EGU General Assembly 2020
© Author(s) 2020. This work is distributed under
the Creative Commons Attribution 4.0 License.

Global Methane Emissions Through an Isotopic Lens

Alice Drinkwater1,2, Tim Arnold1,2, and Paul Palmer1
Alice Drinkwater et al.
  • 1University of Edinburgh School of GeoSciences, Edinburgh, United Kingdom
  • 2National Physical Laboratory, Teddington, United Kingdom

Changes in atmospheric methane (CH4) are mainly driven by natural, anthropogenic and pyrogenic emissions and oxidation by OH.

There is no consensus about the underlying explanations about hemispheric-scale changes in atmospheric methane (CH4). This is partly due to sparse data that do not exclusively identify individual changes in surface emissions and surface and atmospheric losses of CH4. This challenge represents a major scientific weakness in our understanding of this potent greenhouse gas, with implications for meeting global climate policy obligations.  A confounding challenge is that the regional importance of individual emission sources change with time due to, for example, innovations in agricultural practices, climate-sensitive wetlands, and political decisions associated with climate friendlier transitional fuels.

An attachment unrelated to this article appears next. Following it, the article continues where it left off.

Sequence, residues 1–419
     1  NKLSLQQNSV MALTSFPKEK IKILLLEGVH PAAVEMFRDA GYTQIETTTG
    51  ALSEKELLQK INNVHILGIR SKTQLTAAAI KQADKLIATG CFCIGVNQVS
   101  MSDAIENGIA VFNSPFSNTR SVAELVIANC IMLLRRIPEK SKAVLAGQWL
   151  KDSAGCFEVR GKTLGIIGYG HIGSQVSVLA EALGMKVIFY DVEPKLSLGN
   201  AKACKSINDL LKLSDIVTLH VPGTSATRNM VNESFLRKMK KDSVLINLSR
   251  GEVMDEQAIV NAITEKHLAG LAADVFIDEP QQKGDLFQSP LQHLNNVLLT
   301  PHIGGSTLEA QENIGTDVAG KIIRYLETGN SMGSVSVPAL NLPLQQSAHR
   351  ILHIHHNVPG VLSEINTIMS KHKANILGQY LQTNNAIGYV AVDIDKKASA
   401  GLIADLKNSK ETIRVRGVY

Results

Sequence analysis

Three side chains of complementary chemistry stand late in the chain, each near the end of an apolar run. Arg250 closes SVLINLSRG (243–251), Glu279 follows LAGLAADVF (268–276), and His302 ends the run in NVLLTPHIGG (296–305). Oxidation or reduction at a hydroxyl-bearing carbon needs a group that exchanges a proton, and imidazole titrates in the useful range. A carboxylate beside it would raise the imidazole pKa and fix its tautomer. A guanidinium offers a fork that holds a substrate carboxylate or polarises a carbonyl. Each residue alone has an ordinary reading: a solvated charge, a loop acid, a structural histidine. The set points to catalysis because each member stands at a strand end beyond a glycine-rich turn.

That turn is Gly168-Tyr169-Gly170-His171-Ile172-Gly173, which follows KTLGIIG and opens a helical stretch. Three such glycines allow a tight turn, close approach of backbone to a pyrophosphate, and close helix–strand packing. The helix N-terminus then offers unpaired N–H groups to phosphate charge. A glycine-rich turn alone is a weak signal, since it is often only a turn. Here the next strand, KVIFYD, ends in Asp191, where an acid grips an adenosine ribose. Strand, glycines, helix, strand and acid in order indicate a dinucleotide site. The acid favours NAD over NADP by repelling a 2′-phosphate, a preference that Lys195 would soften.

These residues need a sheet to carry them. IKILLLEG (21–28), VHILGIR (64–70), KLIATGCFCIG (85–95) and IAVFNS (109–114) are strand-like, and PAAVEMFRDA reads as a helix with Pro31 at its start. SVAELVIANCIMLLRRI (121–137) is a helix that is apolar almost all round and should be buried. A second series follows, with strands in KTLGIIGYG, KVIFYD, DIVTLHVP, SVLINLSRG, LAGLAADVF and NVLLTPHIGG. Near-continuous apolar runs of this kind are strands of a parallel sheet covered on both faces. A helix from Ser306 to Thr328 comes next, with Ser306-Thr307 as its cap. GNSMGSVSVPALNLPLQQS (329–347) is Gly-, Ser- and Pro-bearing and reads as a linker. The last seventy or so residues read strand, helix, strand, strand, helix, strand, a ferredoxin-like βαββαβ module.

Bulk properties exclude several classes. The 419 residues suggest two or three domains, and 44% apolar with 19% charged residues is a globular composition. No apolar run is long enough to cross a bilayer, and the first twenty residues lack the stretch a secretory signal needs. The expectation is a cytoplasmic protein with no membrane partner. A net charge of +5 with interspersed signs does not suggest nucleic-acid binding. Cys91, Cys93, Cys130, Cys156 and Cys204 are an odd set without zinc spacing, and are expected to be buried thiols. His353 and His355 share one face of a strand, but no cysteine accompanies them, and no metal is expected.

Here we use bulk isotope ratios δ13C and δD of CH4 that have been previously shown to provide effective constraints on source apportionment: different CH4 sources have characteristic isotope ratios. One of the key challenges associated with using these data is that region-specific isotope ratios change with time due to varying source prevalance, in addition to source signatures having inherent uncertainties. We use the GEOS-Chem global 3-D chemical transport model to describe the spatial and temporal isotopic behaviour of atmospheric CH4. We develop a Maximum A-Posteriori inverse method to simultaneously infer time dependent CH4 emissions and isotope ratios from in situ data. 

We will report the magnitude, distribution and source attribution of CH4 emissions from 2004 to 2017, inferred from in situ measurements of total atmospheric CH4 mole fraction and the corresponding measurements of δ13C and δD. We will compare our results with previous studies.

How to cite: Drinkwater, A., Arnold, T., and Palmer, P.: Global Methane Emissions Through an Isotopic Lens, EGU General Assembly 2020, Online, 4–8 May 2020, EGU2020-745,, 2019


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